A purely functional rate limiter
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upperbound is a purely functional rate limiter. It allows you to submit jobs concurrently, which will then be started at a rate no higher than what you specify.


To get upperbound, add the following line to your build.sbt

libraryDependencies += "org.systemfw" %% "upperbound" % "version"


upperbound is completely pure, which allows for ease of reasoning and composability. On a practical level, this means that some familiarity with cats, cats-effect and fs2 is required.


upperbound's main datatypes are two: Worker and Limiter. Worker is the central entity in the library, it's defined as:

trait Worker[F[_]] {
  def submit[A](job: F[A], priority: Int = 0): F[Unit]
  def await[A](job: F[A], priority: Int = 0): F[A]

The submit method takes an F[A], which can represent any program, and returns an F[Unit] that represents the action of submitting it to the limiter, with the given priority. The semantics of submit are fire-and-forget: the returned F[Unit] immediately returns, without waiting for the input F[A] to complete its execution.

The await method takes an F[A], which can represent any program, and returns another F[A] that represents the action of submitting the input F to the limiter with the given priority, and waiting for its result. The semantics of await are blocking: the returned F[A] only completes when the input F has finished its execution. However, the blocking is only semantic, no actual threads are blocked by the implementation.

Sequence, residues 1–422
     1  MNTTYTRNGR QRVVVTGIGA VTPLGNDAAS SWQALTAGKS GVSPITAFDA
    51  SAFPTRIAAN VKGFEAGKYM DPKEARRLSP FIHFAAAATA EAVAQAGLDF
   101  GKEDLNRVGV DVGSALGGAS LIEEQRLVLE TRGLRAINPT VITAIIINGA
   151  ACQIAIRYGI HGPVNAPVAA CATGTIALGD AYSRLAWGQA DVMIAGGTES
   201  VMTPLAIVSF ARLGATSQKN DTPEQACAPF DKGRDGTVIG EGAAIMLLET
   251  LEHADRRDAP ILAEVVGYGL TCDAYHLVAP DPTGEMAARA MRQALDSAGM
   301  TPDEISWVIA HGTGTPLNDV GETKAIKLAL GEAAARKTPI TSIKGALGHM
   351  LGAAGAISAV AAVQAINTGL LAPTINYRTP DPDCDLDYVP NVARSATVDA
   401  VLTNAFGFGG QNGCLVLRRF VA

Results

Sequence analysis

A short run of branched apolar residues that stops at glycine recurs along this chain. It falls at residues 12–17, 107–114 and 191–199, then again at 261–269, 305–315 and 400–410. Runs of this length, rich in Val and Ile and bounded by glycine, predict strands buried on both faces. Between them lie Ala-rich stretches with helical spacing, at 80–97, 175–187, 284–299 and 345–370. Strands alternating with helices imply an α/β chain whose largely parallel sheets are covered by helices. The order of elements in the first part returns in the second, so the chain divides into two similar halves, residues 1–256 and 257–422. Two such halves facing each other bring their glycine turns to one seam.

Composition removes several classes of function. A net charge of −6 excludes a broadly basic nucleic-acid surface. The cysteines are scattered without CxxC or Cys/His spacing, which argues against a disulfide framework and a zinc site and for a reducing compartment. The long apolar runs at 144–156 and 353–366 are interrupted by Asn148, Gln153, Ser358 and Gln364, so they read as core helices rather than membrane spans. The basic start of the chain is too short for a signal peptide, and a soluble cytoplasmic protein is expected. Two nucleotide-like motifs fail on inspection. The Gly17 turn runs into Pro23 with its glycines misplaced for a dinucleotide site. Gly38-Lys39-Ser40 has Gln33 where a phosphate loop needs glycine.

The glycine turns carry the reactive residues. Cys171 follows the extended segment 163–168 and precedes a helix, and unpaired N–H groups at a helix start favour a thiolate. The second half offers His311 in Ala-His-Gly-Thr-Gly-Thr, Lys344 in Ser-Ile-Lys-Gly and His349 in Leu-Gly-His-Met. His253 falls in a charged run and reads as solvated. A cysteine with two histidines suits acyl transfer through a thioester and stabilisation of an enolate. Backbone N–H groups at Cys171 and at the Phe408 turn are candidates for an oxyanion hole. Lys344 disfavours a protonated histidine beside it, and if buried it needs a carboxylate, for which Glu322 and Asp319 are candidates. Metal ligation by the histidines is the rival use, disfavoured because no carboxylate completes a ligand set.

Both Worker.submit and Worker.await are designed to be called concurrently: every concurrent call submits a job to Limiter, and they are then started (in order of priority) at a rate which is no higher then the maximum rate you specify on construction. A higher number indicates higher priority, and FIFO order is used in case there are multiple jobs with the same priority being throttled.

Naturally, you need to ensure that all the places in your code that need rate limiting share the same instance of Worker. It might be not obvious at first how to do this purely functionally, but it's in fact very easy: just pass a Worker as a parameter. For example, if you have a class with two methods that need rate limiting, have the constructor of your class accept a Worker.

Following this approach, your whole program will end up having type Worker => F[Whatever], and all you need now is creating a Worker. This is what Limiter is for:

import cats.effect.Effect

trait Limiter[F[_]] {
  def worker: Worker[F]
  def shutDown: F[Unit])

object Limiter {
  def start[F[_]: Effect](maxRate: Rate)(implicit ec: ExecutionContext): F[Limiter[F]]
  def stream[F[_]: Effect](maxRate: Rate)(implicit ec: ExecutionContext): Stream[F, Limiter[F]]

You should only need Limiter at the end of your program, to assemble all the parts together. Imagine your program is defined as:

import upperbound._
import cats.effect.IO

case class YourWholeProgram(w: Worker[IO]) {
  def doStuff: IO[Unit] = {
     def yourLogic: IO[Whatever] = ???

you can then do:

import upperbound._, syntax.rate._
import fs2.Stream
import cats.effect.{IO, IOApp, ExitCode}
import scala.concurrent.ExecutionContext.Implicits.global
import scala.concurrent.duration._

object Main extends IOApp {
  override def run(args: List[String]): IO[ExitCode] =